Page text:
6 Ways A Coach Can Help Leaders Embrace Adaptation - International Coaching Federation
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6 Ways A Coach Can Help Leaders Embrace Adaptation

Posted by George Bragadireanu, MCC | February 28, 2023 | Comments (0)

Leading people is a sport of adaptation. It’s a manager’s or leader’s best strategy for resilience and sustainable success. 

Why is that? 

Because in an environment with clear roles and boundaries (think of a living organism), anything (like a cell or tissue) acting out of the roles and boundaries becomes an ”intruder,” a ”rogue” element, ”a virus,” and is the quickest to be marginalized and kicked out. A leader lacking perceptive intelligence will fail to adapt to their environment, risk their career, and put the business at risk too. A healthy organism runs well when all the organs function well.

One of my current clients reports that she feels bombarded with many issues, situations, and unpredictable events as if she is a virus in the middle of the corporate organism that she works in. She struggles to adapt and feels excluded and kicked out of the environment. 

How can coaches help such clients better adapt to their contexts? Here are some points of entry.

1) Reframe the Situation

I personally invite clients to several reframing directions, such as: 

  • How can adaptation be the “obstacle which is the way” for you?
  • How can adaptation become something solidly fixed in your life and work?
  • How can the struggle of adaptation become the driving force for evolution in your life?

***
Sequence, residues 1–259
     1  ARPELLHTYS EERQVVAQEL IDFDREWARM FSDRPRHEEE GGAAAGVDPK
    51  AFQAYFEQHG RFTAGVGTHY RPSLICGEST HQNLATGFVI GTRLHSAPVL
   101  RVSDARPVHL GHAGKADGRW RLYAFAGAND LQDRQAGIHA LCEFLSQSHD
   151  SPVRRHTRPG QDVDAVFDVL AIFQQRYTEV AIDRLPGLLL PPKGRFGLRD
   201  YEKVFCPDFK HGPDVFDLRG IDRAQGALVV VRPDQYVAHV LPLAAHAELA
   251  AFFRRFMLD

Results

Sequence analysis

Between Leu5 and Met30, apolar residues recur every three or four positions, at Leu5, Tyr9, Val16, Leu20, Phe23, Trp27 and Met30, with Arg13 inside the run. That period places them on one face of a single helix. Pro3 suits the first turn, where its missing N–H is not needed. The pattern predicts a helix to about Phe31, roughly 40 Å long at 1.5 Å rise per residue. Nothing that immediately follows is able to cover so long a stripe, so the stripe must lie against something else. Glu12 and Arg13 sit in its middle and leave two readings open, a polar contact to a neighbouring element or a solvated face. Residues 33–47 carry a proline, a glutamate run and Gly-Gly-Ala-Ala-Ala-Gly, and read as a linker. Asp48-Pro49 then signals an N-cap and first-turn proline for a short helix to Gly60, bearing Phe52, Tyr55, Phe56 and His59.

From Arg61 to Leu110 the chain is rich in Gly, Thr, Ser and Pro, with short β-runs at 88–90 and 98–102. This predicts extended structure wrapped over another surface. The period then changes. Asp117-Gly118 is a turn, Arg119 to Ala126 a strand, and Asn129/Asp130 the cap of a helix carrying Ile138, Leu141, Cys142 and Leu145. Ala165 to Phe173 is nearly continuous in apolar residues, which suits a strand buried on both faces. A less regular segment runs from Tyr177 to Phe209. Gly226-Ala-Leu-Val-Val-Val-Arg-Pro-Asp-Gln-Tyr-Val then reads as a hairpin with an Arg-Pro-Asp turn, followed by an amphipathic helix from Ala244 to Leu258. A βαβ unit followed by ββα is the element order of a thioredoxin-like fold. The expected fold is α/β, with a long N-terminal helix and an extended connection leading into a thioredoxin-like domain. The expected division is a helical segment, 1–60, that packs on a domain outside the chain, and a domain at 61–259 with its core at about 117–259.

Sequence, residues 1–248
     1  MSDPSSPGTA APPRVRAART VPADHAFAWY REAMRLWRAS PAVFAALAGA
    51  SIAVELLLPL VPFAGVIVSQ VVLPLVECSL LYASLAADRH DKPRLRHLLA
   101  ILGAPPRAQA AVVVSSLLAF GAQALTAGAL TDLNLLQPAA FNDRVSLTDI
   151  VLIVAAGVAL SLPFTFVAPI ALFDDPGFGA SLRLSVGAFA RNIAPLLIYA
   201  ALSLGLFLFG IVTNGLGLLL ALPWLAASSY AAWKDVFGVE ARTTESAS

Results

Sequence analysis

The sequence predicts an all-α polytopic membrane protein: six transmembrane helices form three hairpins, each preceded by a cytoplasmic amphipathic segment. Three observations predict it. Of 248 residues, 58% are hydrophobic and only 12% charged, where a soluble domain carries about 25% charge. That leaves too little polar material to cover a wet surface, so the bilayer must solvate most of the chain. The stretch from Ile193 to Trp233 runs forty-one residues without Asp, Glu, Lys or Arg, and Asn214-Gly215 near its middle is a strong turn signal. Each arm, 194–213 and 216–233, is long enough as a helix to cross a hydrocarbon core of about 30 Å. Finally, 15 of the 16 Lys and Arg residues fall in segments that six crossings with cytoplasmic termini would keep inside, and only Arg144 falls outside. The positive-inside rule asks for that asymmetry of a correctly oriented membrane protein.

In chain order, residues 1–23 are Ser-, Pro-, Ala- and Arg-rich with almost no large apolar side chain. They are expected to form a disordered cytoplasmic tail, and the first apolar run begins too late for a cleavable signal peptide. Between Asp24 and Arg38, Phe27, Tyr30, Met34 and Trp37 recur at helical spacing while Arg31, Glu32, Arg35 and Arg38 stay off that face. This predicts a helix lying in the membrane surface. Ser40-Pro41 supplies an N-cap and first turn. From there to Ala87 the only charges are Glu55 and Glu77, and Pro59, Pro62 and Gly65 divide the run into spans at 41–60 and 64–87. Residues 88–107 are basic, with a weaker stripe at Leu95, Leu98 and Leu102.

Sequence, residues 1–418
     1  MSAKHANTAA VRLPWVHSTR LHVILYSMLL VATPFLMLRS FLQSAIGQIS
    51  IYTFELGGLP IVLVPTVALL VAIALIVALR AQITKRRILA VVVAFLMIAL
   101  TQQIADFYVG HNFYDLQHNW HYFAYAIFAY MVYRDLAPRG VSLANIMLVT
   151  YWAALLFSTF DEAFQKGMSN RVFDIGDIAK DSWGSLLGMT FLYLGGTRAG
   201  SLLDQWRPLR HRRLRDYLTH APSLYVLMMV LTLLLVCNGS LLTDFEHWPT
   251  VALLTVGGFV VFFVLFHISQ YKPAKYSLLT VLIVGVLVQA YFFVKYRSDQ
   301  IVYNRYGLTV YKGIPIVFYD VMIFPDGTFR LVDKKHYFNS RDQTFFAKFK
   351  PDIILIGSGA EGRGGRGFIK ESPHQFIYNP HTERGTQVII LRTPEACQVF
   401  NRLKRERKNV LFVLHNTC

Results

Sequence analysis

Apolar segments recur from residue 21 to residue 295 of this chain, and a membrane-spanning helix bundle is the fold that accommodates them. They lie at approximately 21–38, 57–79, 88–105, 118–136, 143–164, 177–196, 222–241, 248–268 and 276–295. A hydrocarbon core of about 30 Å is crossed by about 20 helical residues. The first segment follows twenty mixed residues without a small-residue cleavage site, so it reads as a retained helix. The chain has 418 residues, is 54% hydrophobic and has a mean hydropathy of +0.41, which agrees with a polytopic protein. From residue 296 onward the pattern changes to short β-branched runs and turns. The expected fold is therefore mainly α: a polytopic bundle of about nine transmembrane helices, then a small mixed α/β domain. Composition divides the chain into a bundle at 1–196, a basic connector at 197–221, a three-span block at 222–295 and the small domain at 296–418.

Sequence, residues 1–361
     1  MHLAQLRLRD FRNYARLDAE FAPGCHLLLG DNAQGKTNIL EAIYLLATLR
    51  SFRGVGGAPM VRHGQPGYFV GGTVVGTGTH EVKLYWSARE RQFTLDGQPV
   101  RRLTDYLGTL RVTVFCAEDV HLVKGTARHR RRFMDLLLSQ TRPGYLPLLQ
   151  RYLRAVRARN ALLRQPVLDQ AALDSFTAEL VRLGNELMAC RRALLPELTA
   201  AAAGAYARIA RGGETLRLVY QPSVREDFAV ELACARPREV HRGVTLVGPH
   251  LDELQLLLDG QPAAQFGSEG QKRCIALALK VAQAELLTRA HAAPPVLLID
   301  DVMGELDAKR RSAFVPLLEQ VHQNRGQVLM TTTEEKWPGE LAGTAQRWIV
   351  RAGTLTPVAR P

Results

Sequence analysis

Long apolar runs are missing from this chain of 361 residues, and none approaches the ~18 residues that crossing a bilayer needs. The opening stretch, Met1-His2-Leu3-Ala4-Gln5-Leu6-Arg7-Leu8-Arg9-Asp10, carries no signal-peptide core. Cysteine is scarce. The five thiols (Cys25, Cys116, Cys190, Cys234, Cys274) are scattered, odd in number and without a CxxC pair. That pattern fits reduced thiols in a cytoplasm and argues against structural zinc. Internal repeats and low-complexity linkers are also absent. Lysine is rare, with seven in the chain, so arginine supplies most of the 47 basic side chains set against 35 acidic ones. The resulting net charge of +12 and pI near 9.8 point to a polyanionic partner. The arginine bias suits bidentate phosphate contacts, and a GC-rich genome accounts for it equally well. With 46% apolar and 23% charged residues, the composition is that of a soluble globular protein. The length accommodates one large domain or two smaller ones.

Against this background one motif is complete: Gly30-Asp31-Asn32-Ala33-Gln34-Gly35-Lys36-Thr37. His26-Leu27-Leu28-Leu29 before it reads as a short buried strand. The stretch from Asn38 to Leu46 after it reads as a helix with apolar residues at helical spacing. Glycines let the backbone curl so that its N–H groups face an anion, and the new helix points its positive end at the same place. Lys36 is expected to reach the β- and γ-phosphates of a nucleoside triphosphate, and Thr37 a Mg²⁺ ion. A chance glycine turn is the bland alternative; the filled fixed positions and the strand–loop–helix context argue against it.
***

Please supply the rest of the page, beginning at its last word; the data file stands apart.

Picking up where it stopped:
• How is the adaptation a trampoline to success?
  • How can you seek even harsher environments where the need for adaptation is even stronger?

2) Exercise Adaptation

Another perspective is to invite the client to exercise adaptation, especially during our coaching sessions. I provoke this kind of perspective, usually by abruptly changing something in the established pattern of the coaching relationship like:

  • Proposing a new session duration or new duration between sessions. 
  • Asking a bombardment of questions at a time. 
  • Standing instead of sitting during coaching.
  • Meeting face to face instead of by phone or virtually.

These abrupt interruptions of already established patterns are coaching the client into adaptation skills. The debrief following these changes is what makes the difference for the client. How did they adapt to the changes I proposed? What adaptation do they need to execute in their mind in order for the actions and behaviors to follow?

3) Be Mindful of Nature’s Patterns

Another way we, as coaches, may help our clients better adapt to the new realities is to use nature’s examples and mimic species’ behaviors of adaptation. In nature, a plant that grew in the harshest conditions was more resistant than one in a greenhouse. A leader forged in the fires of mergers, acquisitions, promotions, and career failures becomes more adaptable than one untouched by all these. 

It is also worth mentioning that in nature, massive beings adapt slower than smaller ones. In the corporate world, we see the same pattern when we look at the big corporations versus the smallest entrepreneurs. 

From my experience, this rule also applies to levels of leadership. The higher the level the leader occupies, the slower they will adopt. Big systems first adopt their margins and ultimately in their core. 

For example, I am coaching a high-level director from a company that is going through a merger/acquisition. He was part of the board of the company, which was then taken over by an international mammoth. Other managers were promoted above him.